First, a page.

Consider this: the first pages of a script are just like foreplay. You want to flirt and tantalize and get their creative juices flowing with all sorts of wonderful possibilities. You want them to want you, all of you! Also, you have to make them feel that they’re in the hands of a pro, someone credible and capable, someone who’s going to give them a hell of ride for one hundred some pages, not someone who’s gonna fizzle out after page 20. They don’t want to spend a couple of precious hours with some bumbling, stumbling fool who wouldn’t know their way through three acts without a map. And if you are that bumbling, stumbling fool, do what I do. Fake it! Make them believe that you do know what you’re talking about. That’s what writers do! We fake it all the time, but we make ourselves look good as we do it. Don’t hold back. Pull everything out of your bag of tricks. Who knows when, or if, you’ll get another chance? If you don’t have them hooked in the first couple of pages, forget it, that deliciously wicked twist on page 65 won’t matter.

Ask yourself who would you rather spend an evening with: Malcolm, a nice guy who goes on about his tedious business, brushes his teeth, goes to work, tells long winded stories with no punch line, goes home and eventually discovers a dead body in his basement around page 85…or Devon, a redheaded conniving little live wire who juggles two husbands and two sets of kids that don’t know about the other and who is always trying to keep one step ahead of another husband she abandoned in Alabama (but not before clearing out their joint bank accounts) and that pesky FBI agent who wants to cuff her for his own nefarious purposes. Listen, I’m as straight as they come, but hell, I’d rather spend the night with Devon (or her unsuspecting, devoted spouses).

If you tease em’, you have to please em’, and not only in the first act. You have to keep the tension thick, the drama throbbing, the humor constant and stretched like a rubber band, the complications escalating until everything goes bing, bang, bada boom in the most wild, the most unexpected of ways, yet a way which is also logical and organic to the story. Translation: if you have set it up early on that a mongrel is going to scamper in and save the planet before complete annihilation, you can’t suddenly have an elephant trample in.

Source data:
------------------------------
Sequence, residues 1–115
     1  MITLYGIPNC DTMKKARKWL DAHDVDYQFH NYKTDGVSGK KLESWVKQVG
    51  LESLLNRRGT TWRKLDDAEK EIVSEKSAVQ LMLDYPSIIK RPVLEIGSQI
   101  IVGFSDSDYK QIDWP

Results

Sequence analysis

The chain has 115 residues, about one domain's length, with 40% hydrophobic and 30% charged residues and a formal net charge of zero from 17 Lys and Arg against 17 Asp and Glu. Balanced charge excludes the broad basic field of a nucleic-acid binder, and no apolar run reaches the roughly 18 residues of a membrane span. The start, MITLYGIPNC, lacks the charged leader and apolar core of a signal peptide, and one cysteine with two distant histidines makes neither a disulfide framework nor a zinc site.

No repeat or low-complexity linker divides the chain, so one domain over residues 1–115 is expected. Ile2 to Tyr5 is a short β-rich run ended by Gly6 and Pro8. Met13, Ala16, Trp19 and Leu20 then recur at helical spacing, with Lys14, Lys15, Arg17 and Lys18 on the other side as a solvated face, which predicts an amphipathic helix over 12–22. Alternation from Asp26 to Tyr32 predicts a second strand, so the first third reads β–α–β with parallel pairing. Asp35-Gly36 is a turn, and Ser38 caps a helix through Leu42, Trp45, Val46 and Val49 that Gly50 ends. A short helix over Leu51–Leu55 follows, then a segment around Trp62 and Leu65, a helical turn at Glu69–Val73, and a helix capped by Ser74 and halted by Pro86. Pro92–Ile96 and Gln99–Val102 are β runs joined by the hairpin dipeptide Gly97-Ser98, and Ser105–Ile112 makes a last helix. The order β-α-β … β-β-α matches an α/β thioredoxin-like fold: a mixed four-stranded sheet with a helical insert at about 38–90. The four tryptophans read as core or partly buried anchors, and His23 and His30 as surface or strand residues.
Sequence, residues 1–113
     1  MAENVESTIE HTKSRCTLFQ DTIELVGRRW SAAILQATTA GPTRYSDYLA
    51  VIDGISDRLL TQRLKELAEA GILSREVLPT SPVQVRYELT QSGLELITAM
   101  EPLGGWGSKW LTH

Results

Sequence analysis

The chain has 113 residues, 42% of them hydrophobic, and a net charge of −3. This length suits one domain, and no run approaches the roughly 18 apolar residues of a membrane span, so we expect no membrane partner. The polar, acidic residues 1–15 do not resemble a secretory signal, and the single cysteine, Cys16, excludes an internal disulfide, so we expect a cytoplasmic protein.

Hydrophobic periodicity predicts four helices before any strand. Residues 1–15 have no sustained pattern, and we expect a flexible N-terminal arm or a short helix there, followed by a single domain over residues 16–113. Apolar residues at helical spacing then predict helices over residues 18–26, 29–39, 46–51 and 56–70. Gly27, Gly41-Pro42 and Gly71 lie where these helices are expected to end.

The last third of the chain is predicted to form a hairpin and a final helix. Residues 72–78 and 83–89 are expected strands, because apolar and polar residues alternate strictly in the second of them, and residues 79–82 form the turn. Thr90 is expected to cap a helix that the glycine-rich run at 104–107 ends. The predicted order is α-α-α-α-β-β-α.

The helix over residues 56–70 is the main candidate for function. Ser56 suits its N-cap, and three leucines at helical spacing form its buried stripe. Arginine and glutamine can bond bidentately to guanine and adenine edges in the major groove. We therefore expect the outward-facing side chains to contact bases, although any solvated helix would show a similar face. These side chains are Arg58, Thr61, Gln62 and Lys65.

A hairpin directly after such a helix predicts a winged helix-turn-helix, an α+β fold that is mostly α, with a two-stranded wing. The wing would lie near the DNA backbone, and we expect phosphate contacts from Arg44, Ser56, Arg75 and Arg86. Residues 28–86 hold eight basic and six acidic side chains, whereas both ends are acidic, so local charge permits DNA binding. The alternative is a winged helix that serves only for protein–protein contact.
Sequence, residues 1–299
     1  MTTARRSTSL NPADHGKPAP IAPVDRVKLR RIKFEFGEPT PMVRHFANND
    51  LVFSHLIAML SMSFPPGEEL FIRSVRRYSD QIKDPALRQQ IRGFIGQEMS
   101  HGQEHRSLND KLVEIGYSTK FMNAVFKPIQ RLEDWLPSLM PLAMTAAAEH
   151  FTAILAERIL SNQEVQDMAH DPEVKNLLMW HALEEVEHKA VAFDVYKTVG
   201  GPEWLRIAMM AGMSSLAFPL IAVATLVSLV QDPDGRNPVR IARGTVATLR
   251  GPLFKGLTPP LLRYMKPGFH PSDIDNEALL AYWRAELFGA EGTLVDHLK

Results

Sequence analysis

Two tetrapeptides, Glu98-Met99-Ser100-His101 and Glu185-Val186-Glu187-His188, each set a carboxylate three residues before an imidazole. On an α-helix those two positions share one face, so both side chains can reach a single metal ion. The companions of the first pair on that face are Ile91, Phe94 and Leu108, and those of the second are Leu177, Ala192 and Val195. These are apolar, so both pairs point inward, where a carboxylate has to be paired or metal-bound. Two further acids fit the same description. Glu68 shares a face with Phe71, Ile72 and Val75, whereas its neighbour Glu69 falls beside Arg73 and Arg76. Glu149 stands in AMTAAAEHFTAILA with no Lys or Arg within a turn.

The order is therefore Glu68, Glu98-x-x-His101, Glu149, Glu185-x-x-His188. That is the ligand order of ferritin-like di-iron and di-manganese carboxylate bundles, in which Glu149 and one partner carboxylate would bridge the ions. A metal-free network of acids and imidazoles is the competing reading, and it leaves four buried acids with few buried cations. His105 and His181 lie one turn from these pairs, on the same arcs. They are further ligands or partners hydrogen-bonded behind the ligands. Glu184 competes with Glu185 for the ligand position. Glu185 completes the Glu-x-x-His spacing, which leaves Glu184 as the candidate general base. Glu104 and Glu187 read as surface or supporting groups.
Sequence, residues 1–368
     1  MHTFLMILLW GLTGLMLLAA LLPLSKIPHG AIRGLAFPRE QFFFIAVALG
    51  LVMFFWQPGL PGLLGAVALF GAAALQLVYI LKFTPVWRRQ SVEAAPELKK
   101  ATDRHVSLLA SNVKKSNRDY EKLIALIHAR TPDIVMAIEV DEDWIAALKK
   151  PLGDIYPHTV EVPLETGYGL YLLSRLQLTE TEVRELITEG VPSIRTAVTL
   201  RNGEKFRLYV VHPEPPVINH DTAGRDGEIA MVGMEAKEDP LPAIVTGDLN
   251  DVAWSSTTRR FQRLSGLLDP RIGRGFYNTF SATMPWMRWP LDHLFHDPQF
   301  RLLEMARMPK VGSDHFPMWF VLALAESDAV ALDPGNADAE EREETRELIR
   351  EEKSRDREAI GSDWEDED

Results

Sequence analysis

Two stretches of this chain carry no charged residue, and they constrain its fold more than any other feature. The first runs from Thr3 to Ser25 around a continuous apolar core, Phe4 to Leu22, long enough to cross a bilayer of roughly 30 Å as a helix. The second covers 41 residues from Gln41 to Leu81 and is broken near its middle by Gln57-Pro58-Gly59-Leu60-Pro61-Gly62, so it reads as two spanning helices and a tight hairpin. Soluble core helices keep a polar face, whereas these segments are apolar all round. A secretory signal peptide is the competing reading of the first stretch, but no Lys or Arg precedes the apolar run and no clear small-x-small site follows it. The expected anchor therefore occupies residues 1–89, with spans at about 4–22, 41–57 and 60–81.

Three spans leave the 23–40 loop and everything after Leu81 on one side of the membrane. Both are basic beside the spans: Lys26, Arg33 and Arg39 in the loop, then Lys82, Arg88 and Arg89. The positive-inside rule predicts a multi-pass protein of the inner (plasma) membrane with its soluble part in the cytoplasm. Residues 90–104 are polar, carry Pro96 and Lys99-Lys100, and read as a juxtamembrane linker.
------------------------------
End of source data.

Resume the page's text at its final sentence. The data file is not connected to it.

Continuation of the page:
Oh, and another piece of advice, for pity’s sake: no extended, drawn out finales/climaxes. I’m sorry, maybe some people like this, but I don’t. Damn it, once you’ve reached the climax, get out of Dodge quick. You know exactly what I’m talking about. The extended talking head scenes explaining the preceding seventy-five plus pages, the twists and turns that no one saw coming (not even the writer but they decided at the last minute to pile it on for extra effect, hey, it worked for so and so and he made a bazillion bucks), the useless verbiage just to add more junk in the trunk, the “villain” who takes a hundred bullets in the head but returns for one last monumental battle between evil and the Good Humor Man, the cute but oh so predictable “here’s what our loveable goofy characters are doing in the future” outtakes, the car chases that go on for pages and pages with the inevitable fifteen million car chain reaction crash on the freeway in which our hero miraculously survives and swaggers away without nary a scratch or a blister.

Bah! Makes me want to take a shower.

If you’ve done your job right, when that VIP puts your script down, he should be as in love with your script as you are. In one fell swoop you’ve found your champion, your best friend, you’re Knight in Shining Armor. If you haven’t….well, you know, with the first schlub to show interest, pick yourself up, put on a new outfit, try a new hairdo, and liberally douse yourself with perfume or aftershave. You can take this to the bank: as sure as there is another script to write, there’s always another prodco, another manager, another agent…tomorrow.